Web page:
Here's what you need to know about the Dark Net

Here's what you need to know about the Dark Net

The Dark Net is where hackers buy exploit kits from Dark Markets.

A dark net is the everyday term for an encrypted, superimposed internet network which can only be used with specialist forms of software, authorisation, protocols and ports. The term ‘dark’ is used because it is not visible to you if you don't have the necessary tools or software to connect to it.

Well known internet networks like Google are simultaneously known as ‘clear net’ or surface web.

The dark net is the same as the clear net with the main difference being it depends on special encryption to connect to it. This is what keeps it dark. Generally, the dark net cannot be searched with clear net tools like google. However, publically accessible darknet networks like Tor can be catalogued for searching.

Governments, military, companies and anyone needing privacy are likely to use darknet networks.

Criminals use them for the simple reason that being a famous criminal wouldn't really help their cause.

Dark Nets are generally used to maintain anonymity and in some cases, security.

Examples of Dark Net include:

  • RetroShare - a file sharing ‘peer to peer’ or ‘friend to friend’ network
  • Tor - very common and very popular
  • I2P - anonymising network which is increasing in popularity
  • Gnunet - framework for building secure, decentralised privacy preserving applications.
  • freenet - peer-to-peer platform for censorship resistent communication and publishing.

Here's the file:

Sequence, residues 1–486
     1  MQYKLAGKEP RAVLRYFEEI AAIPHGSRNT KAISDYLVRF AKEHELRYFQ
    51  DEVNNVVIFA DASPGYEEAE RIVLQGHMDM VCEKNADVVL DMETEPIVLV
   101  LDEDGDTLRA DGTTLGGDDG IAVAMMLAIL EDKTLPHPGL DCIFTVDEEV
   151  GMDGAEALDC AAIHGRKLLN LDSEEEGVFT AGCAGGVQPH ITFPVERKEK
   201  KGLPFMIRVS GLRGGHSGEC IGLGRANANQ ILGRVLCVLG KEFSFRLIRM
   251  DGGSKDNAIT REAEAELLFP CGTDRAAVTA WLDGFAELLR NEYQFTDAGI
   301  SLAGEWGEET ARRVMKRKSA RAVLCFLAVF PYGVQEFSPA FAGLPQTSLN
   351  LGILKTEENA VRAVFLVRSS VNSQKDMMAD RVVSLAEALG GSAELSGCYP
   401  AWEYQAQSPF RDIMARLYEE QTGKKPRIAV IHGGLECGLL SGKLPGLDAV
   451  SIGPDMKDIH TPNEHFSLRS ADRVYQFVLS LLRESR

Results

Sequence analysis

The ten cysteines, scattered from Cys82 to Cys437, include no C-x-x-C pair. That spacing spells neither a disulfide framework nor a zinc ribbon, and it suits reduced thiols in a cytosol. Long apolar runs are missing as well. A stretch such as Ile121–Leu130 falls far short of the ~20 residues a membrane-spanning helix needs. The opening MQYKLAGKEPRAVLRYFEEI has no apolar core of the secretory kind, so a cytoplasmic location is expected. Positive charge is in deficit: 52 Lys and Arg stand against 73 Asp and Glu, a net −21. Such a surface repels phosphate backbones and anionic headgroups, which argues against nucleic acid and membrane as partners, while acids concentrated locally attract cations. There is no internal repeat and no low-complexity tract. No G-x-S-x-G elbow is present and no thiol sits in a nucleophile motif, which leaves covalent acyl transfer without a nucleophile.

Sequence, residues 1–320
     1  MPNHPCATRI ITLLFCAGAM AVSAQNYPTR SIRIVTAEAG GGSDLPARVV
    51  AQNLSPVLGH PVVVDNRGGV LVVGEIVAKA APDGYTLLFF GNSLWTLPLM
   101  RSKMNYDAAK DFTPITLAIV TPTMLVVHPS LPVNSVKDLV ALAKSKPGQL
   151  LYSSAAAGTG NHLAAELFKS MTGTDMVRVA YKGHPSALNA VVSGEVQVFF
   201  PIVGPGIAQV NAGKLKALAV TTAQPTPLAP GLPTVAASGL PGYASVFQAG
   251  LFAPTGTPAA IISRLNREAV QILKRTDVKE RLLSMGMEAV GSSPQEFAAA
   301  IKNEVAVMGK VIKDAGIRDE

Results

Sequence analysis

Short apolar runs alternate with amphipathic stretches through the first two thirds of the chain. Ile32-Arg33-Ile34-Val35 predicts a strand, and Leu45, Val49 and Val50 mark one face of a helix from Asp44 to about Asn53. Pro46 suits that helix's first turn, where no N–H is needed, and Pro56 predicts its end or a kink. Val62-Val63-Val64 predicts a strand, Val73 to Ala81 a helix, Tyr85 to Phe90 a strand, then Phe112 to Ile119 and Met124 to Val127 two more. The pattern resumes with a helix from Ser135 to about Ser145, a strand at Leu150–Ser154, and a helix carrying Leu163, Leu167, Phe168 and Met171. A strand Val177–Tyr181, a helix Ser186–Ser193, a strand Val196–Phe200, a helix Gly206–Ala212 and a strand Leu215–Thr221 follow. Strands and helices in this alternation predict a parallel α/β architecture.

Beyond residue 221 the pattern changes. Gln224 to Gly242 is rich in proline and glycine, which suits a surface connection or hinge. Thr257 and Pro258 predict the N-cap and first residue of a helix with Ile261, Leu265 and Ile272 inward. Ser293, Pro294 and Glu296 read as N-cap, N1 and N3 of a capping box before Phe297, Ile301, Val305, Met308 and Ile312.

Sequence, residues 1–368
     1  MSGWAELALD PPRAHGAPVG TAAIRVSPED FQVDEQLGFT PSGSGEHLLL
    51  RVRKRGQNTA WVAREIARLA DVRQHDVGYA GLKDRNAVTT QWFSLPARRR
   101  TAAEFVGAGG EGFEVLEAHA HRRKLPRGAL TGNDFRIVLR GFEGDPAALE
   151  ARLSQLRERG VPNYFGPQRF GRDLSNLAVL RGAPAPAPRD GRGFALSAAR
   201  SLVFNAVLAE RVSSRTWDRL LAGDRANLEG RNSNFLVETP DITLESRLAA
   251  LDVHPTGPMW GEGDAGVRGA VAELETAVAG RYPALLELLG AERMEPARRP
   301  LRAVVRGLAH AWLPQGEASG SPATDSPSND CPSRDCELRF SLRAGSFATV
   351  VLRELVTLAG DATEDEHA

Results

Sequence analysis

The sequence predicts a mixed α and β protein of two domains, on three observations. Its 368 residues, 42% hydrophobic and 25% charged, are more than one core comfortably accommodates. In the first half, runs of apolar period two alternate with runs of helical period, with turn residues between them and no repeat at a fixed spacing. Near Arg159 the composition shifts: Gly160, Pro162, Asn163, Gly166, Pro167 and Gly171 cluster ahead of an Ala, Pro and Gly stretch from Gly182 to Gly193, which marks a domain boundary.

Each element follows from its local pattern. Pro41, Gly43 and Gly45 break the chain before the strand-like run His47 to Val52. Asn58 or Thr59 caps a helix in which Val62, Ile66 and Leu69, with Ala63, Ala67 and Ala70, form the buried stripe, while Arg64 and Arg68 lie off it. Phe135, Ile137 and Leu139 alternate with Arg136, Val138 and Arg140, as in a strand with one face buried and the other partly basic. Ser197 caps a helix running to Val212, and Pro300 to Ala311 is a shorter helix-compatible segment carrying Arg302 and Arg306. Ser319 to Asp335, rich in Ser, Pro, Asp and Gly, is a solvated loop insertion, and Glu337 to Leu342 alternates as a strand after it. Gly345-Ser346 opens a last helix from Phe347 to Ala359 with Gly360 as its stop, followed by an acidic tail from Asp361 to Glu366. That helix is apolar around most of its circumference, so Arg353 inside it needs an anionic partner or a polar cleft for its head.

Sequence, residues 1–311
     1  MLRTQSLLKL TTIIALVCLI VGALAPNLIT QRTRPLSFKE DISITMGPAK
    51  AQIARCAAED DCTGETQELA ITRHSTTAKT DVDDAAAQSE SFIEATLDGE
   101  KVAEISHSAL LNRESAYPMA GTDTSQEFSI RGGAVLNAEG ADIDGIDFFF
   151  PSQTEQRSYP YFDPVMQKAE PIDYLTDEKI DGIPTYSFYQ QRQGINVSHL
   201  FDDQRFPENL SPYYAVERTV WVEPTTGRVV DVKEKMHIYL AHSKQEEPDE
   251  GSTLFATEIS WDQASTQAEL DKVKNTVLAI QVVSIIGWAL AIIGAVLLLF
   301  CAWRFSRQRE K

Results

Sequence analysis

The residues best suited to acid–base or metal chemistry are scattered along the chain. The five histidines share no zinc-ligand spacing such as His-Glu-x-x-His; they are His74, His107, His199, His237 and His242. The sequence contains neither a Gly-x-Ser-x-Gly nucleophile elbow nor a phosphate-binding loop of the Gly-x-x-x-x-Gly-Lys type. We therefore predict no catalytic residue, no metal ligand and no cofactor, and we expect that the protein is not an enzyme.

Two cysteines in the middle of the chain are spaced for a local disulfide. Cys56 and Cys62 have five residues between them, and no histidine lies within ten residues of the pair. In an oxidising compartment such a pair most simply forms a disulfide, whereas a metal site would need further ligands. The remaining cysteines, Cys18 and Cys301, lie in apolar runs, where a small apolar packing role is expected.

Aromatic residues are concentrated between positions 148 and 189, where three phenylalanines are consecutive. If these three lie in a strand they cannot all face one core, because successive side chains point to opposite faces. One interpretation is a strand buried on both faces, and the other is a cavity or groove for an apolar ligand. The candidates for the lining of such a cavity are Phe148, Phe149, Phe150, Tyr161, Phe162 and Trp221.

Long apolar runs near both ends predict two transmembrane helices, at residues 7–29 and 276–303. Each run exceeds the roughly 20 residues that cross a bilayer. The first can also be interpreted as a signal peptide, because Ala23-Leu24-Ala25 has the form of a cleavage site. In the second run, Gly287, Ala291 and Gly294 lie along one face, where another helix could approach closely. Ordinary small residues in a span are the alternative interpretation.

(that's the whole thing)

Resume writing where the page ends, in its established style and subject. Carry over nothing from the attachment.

Specific software is needed to enter any of the above, of which are available from their respective websites.

These services are not definitive solutions for providing total privacy. You can be de-anonymised.

Criminals use dark markets and hacker forums via dark nets - selling anything from assassination and drugs to hacking tools like malware, RATS, access tools, Trojan tools and exploit kits. Popular dark markets like Abraxas, Alphabay and Dream Market are accessed via Tor by downloading software from the Tor website.

There's a marketplace in Tor called the zero day forum, where stolen credit card details are available for resale. They also sell personal information and secure hosting to host malware and exploit kits. The sphinx banking Trojan is available there. This Trojan targets banks if there is a means for collecting account details.

Dark Nets, though supposedly built with good intentions, have led to a hellish breeding ground for criminal activity with vast financial temptations to those most inclined and susceptible to its allure.

Reference: Nathan House, Station X Ltd.

Huw Tremlett

Data Management Consultant

Huw Tremlett